2) The ITCZ response is complicated by the dynamical ocean feedback associated with changes in the meridional gradient in sea surface temperature. GHG-induced warming leads not only to an increase in precipitation, but also to a poleward shift of the ITCZ. This poleward shift is accompanied by (south) westerly wind anomalies, which drive an off-equatorial cooling Ekman flow equatorward of the ITCZ. These same westerly anomalies induce a weakening of equatorial upwelling, and warming of the eastern equatorial Atlantic cold tongue.

Here, too, the effect of sulfate aerosol-induced cooling is equal and opposite to that of GHG-induced warming. An equatorward shift of the ITCZ is accompanied by (north) easterly wind anomalies, which drive off-equatorial warming, and equatorial cooling.

How to cite: Wenhaji Ndomeni, C. and Giannini, A.: Dynamical and Thermodynamic Changes in the Historical Response of Atlantic Sector Rainfall to Anthropogenic Emissions in the IPSL-5A Model., EGU General Assembly 2021, online, 19–30 Apr 2021, EGU21-15573, https://doi.org/10.5194/egusphere-egu21-15573, 2021.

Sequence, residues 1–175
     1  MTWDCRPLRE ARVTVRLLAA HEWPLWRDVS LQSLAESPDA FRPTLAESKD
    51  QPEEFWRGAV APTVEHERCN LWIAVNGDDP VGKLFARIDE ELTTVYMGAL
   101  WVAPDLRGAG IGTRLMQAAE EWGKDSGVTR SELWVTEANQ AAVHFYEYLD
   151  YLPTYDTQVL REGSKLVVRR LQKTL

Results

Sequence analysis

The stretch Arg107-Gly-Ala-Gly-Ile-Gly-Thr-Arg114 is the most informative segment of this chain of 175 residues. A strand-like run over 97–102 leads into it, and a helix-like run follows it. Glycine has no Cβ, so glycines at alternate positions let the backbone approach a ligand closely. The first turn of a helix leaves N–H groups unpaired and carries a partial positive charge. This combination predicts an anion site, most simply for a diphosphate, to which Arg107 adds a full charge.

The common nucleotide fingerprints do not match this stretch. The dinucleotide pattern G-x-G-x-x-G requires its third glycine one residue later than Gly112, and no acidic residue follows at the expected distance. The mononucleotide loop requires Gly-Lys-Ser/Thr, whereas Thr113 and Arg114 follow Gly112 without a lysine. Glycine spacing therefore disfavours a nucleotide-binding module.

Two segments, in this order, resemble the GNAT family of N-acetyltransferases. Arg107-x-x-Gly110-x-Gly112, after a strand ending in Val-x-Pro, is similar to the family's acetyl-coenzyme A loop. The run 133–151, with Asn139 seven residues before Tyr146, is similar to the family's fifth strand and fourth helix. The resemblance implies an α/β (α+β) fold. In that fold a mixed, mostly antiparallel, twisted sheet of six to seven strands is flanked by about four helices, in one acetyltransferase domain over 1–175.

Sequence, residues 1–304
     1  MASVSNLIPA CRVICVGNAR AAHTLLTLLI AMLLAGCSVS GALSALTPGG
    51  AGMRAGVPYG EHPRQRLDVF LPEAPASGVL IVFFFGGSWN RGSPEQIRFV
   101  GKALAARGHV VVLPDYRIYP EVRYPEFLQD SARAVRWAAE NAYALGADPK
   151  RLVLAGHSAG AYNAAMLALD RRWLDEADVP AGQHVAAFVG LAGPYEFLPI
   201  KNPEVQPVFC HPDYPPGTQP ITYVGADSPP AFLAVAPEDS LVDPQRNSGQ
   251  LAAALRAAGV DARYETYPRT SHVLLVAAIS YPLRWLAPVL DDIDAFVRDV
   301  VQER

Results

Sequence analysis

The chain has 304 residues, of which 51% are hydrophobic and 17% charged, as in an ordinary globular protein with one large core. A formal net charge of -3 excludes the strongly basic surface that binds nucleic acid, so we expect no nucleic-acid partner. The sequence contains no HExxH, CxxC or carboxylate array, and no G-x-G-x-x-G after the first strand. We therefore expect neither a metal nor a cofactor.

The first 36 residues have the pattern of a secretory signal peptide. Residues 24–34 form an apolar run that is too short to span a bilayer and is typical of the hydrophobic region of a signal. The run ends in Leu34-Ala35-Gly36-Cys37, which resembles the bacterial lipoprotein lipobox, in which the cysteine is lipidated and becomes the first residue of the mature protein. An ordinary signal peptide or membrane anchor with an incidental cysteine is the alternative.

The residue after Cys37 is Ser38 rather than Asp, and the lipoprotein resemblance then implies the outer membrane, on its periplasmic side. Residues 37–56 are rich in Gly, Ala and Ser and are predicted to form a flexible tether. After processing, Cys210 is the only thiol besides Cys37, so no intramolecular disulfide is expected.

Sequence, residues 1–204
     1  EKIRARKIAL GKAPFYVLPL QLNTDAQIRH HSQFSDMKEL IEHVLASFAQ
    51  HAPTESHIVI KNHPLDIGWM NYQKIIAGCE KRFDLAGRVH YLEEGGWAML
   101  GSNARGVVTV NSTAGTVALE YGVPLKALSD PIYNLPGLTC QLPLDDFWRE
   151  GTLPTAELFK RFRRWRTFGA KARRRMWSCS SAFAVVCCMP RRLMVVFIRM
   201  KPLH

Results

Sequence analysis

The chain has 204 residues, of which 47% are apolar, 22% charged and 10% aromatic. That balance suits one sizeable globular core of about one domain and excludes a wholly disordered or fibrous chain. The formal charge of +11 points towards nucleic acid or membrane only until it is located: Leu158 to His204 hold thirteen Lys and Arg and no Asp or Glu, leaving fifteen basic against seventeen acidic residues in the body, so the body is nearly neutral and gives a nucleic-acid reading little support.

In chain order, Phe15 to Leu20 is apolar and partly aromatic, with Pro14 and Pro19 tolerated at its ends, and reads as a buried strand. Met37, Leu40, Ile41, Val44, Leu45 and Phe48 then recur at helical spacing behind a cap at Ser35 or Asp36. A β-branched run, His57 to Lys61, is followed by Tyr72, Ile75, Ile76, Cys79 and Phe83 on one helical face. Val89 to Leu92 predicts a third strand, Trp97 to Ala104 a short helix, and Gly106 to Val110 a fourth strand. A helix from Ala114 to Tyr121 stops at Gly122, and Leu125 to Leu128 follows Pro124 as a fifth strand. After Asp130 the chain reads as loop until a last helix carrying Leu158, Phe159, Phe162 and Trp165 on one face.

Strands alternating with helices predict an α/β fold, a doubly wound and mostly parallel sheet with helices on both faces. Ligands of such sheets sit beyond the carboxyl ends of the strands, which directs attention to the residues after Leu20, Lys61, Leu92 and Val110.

11:09–11:11
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EGU21-9112
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ECS
Sly Wongchuig, Jhan Carlo Espinoza, Thomas Condom, Hans Segura, Josyane Ronchail, Paola Arias, Clementine Junquas, Antoine Rabatel, and Thierry Lebel